We get the feeling that that's it, subject closed. Which is fair enough.

Chris wants to look to the future, not the past. And his future is Black Onassis.

He says moving to New York, exploring a different part of the world, was always the plan.

I did move out here after that time but it was something I was planning to do anyway, it wasn't anything to do with the separation. I'd always wanted to try somewhere else in the world to live.

After I moved here I spent a lot of time writing, exploring and learning a lot of new things musically. I started playing with musicians and making friends. The shape of what Black Onassis is now came about a few years ago.

We enjoy doing it, that's the main thing. We're really excited about releasing the album.

Chris, who grew up in Blaby, just round the corner from Tom, listened to all sorts of music when he was young - from Kraftwerk to Nirvana, The Prodigy to Nine Inch Nails. Music was always a big influence.

It was a big thing for me, growing up. Music and football, really, typical boy things. I didn't get into playing until I was in my teens, though.

Now, he can't imagine doing anything else. With Black Onassis, Chris and Nick write the music, then send the tracks that need it to the vocalists to contribute lyrics.

Luckily for us, everything we've had back has been amazing. We do bounce ideas, melodies and things like that, but we very much focus on the music side of things. I love electronic music, the diversity of the sounds through different songs. That's something that's very important to me when I'm writing. It can get very... you can get stuck on one thing, if someone says this is going to be a rock record or an electronic record specifically. I just write depending on how I'm feeling at the time. I grew up as a young kid in the 1980s and all these sounds were on the TV, on the radio, in films, everywhere. There's a certain warmth to it and soulfulness. There's something about the sounds and how they affect your mind. I think it's the way you can manipulate it as well, the possibilities are endless.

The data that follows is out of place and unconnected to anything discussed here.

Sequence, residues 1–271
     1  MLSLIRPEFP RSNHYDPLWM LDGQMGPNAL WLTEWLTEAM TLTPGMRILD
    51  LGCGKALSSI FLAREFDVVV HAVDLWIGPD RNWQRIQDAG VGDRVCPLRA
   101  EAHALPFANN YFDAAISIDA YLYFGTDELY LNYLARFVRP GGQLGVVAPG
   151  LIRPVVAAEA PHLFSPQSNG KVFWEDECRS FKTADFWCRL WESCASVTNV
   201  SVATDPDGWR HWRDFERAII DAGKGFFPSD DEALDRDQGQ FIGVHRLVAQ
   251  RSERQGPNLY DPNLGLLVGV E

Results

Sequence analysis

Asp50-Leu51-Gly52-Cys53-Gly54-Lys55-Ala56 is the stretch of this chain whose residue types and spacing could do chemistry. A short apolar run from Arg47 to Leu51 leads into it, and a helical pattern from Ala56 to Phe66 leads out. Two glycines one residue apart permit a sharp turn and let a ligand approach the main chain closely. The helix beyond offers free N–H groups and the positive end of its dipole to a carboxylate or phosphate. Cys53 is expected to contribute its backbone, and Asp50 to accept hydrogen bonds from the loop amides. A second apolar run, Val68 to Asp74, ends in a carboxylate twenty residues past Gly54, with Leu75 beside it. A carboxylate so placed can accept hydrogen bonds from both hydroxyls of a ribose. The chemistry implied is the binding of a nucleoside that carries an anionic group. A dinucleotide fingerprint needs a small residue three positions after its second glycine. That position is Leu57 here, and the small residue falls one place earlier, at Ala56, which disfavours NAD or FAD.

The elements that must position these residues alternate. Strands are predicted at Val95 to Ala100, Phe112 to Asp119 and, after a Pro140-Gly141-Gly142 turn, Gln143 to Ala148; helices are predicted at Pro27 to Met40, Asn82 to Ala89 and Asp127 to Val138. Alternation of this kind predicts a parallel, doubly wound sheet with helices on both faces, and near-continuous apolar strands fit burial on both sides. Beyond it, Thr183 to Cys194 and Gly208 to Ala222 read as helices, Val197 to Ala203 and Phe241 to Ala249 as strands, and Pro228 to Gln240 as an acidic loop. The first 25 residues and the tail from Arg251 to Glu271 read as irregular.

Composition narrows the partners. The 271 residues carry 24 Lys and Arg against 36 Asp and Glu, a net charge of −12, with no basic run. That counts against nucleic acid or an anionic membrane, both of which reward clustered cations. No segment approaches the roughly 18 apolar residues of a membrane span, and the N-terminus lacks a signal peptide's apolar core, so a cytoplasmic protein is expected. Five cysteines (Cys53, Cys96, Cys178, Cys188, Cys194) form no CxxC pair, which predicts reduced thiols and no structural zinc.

I never write for long periods of time. I like to write for a bit, go away and come back and keep doing it like that. I think you come up with something a lot more interesting that way, it doesn't get stale. There's so much going on it's overstimulation sometimes, but you can really write some cool stuff if you channel it. Rather than posing a problem, the lack of an obvious frontman has given Chris the chance to explore the visual side of the live show and the band have teamed up with filmmakers and visual artists to put together digital presentations tailor-made for each song. You could certainly never accuse of him of not putting in enough effort. The visual side is always something I've been interested in and really wanted to do, he says. One thing that's inspired me a lot to write music is movies and not just watching them, but listening to the music in them as well.